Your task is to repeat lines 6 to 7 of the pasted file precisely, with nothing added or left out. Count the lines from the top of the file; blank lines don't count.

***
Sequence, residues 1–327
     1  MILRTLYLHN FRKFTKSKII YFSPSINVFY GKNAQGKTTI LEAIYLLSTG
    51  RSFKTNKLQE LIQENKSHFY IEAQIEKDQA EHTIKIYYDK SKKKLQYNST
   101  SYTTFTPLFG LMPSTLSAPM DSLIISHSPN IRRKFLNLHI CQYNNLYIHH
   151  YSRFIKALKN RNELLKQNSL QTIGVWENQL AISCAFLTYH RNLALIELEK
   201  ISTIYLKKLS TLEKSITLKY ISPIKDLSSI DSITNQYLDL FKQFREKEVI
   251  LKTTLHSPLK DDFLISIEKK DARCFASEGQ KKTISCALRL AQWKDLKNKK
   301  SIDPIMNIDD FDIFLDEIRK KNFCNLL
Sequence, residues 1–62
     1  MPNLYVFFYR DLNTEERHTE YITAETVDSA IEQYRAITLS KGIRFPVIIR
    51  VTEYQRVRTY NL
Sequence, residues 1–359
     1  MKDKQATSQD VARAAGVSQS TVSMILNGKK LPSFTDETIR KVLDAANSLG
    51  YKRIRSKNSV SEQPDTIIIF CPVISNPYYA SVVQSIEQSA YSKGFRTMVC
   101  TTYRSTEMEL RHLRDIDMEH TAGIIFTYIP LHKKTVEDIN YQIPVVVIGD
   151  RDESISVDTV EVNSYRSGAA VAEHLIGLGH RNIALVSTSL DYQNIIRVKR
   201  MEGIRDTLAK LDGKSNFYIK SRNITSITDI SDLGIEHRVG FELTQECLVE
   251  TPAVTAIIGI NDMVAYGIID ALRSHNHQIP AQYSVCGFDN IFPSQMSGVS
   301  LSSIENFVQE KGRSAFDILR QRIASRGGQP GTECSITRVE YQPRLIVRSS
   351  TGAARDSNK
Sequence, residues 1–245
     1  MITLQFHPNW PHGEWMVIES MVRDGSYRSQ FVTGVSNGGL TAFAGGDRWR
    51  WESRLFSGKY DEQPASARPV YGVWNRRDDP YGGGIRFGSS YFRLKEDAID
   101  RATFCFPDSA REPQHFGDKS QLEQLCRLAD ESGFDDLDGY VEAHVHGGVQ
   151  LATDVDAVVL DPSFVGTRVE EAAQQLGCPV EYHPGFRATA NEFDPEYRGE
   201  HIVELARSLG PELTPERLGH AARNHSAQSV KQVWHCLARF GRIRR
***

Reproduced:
   201  ISTIYLKKLS TLEKSITLKY ISPIKDLSSI DSITNQYLDL FKQFREKEVI
   251  LKTTLHSPLK DDFLISIEKK DARCFASEGQ KKTISCALRL AQWKDLKNKK